Americans have Solid Understanding of Transgender Identity

Washington, D.C. – Overwhelming majorities of Americans, across the political and religious spectrum, believe that transgender people should have the same general rights and legal protections as other people, a new survey finds.

The August and September Religion and Politics Tracking Surveys were conducted by Public Religion Research Institute and released amid the increased attention towards transgender issues following Chaz Bono’s appearance on ABC’s Dancing with the Stars. The combined surveys constitute one of the first independent studies of attitudes on transgender issues and Americans’ knowledge of transgender identity.

"Three out of four Americans say Congress should pass employment nondiscrimination laws that protect transgender people," said Dr. Robert P. Jones, CEO of Public Religion Research Institute. "This strong support is also broad, persisting across party lines and the religious spectrum."

Approximately three-quarters (74%) of Americans also favor Congress’ recent expansion of hate crimes legislation to protect transgender people. Additionally, the survey found that roughly two-thirds of Americans both report being well informed about transgender people and issues, and generally understand what the term "transgender" means.

"To explore whether Americans know what the term ‘transgender’ means, we allowed them to define ‘transgender’ in their own words," said Daniel Cox, PRRI Research Director. "More than two-thirds of Americans were able to give an essentially accurate definition of the term ‘transgender’ without any assistance."

Among the Findings:

Overwhelming majorities of Americans agree that transgender people should have the same general rights and legal protections as others.
  • Approximately 9-in-10 (89%) Americans—including strong majorities of all religious and partisan groups—agree that transgender people deserve the same rights and protections as other Americans.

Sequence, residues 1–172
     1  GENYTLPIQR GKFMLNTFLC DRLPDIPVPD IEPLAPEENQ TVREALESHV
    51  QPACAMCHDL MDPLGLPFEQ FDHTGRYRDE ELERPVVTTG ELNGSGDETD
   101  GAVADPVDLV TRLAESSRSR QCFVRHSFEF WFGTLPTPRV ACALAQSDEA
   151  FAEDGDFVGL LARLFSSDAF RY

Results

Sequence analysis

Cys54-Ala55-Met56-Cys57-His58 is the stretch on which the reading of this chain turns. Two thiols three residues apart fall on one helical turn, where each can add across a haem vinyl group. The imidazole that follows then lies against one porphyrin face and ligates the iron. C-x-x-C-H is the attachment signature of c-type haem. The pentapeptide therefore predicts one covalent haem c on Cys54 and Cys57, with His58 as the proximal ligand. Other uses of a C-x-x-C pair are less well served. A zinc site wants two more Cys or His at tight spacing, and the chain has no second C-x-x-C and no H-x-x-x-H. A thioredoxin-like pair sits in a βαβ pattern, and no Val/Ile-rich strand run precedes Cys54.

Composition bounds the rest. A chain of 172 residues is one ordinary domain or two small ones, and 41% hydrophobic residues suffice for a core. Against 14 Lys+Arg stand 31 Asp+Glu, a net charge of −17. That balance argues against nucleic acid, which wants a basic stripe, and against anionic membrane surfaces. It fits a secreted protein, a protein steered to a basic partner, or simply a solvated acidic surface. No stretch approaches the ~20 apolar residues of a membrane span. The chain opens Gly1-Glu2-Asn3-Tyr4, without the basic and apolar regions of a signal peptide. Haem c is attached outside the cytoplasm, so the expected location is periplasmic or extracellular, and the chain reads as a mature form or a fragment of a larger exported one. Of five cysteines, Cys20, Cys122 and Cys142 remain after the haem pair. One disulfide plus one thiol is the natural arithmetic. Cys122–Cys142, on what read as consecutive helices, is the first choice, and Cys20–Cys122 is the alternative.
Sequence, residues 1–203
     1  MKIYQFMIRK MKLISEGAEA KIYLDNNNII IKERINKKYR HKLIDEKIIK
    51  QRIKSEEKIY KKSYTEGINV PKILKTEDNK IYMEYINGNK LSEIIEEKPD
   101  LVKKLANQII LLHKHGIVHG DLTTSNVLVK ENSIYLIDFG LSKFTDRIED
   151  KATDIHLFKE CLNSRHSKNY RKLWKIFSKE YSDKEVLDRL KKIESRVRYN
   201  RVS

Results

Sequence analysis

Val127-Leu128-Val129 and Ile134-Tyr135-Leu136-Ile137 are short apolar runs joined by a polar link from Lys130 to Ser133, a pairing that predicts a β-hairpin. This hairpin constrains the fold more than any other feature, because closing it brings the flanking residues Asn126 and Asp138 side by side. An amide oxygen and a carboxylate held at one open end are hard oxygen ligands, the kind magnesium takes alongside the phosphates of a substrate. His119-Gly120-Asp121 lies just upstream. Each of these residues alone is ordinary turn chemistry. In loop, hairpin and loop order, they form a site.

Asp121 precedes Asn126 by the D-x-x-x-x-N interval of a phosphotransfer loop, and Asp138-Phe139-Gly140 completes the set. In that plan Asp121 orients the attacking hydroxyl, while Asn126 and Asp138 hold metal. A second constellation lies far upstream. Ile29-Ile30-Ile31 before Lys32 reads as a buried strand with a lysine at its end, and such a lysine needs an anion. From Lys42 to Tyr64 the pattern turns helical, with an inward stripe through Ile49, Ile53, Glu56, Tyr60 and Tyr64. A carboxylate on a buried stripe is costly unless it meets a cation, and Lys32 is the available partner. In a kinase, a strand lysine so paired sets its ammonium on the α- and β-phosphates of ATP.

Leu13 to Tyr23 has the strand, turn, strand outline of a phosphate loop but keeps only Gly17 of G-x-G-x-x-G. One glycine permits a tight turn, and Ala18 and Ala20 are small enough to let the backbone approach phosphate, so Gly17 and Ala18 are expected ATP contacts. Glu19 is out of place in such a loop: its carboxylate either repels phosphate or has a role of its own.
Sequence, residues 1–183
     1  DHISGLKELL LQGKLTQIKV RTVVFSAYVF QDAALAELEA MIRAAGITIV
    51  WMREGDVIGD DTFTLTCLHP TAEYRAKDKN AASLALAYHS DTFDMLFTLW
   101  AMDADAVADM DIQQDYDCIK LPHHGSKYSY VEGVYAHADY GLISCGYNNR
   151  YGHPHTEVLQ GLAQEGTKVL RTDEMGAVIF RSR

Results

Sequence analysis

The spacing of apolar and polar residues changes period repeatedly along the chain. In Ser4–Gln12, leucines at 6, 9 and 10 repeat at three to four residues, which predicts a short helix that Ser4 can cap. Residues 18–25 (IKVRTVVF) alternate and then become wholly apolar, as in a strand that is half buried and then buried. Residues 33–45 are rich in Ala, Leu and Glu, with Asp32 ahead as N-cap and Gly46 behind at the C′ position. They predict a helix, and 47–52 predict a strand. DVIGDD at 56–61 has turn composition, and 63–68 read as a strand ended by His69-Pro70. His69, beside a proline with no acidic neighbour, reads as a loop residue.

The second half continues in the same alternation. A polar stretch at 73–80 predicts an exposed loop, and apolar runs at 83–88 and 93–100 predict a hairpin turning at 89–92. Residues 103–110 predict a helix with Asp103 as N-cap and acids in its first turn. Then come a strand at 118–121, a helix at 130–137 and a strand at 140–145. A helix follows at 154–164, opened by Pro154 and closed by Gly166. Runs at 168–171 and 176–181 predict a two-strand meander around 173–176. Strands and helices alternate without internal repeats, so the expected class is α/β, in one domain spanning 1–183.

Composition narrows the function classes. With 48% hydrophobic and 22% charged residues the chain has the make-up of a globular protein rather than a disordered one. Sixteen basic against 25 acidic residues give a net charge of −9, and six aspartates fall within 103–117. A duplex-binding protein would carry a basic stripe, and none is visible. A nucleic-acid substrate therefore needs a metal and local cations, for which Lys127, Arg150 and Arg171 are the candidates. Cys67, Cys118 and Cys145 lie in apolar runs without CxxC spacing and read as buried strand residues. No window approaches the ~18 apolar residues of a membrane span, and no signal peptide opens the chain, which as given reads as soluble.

Approximately three-quarters of Americans both say Congress should pass employment nondiscrimination laws to protect transgender people, and favor Congress’s recent expansion of hate crimes legislation to protect transgender people.
  • Three-quarters (75%) of Americans agree that Congress should pass laws to protect transgender people from job discrimination. This support persists across the political and religious spectrum.
  • Approximately three-quarters (74%) of Americans also favor Congress’ recent expansion of federal hate crime laws to include crimes committed on the basis of the victim’s gender, sexual orientation or gender identity, compared to only 22% who oppose.
Approximately two-thirds of Americans both report being well informed about transgender people and issues, and generally understand what the term "transgender" means.
  • Two-thirds of Americans agree that they feel well informed about transgender persons and issues, while 3-in-10 disagree.
  • In order to determine whether Americans understood the term "transgender," PRRI conducted a follow-up survey in September 2011 that asked respondents to report what the term "transgender" meant to them in their own words. Among the 91% of Americans who report that they have heard of the term transgender, 76% give an essentially accurate definition. Thus, overall, more than two-thirds (69%) of Americans are able to identify what the term "transgender" means without any assistance.
To read the topline questionnaire and survey methodology, click here:

Both the August and the September Religion and Politics Tracking Surveys were designed and conducted by Public Religion Research Institute. Results of the August survey were based on random digit dial telephone survey of 1,006 adults conducted between August 11, 2011 and August 14, 2011. Results of the September survey were based on random digit dial telephone survey of 1,013 adults (301 were reached by cell phone) conducted between September 14, 2011 and September 18, 2011. The margin of error for both surveys is +/- 3.0 percentage points.

Public Religion Research Institute is a non-profit, nonpartisan research and education organization dedicated to work at the intersection of religion, values and public life.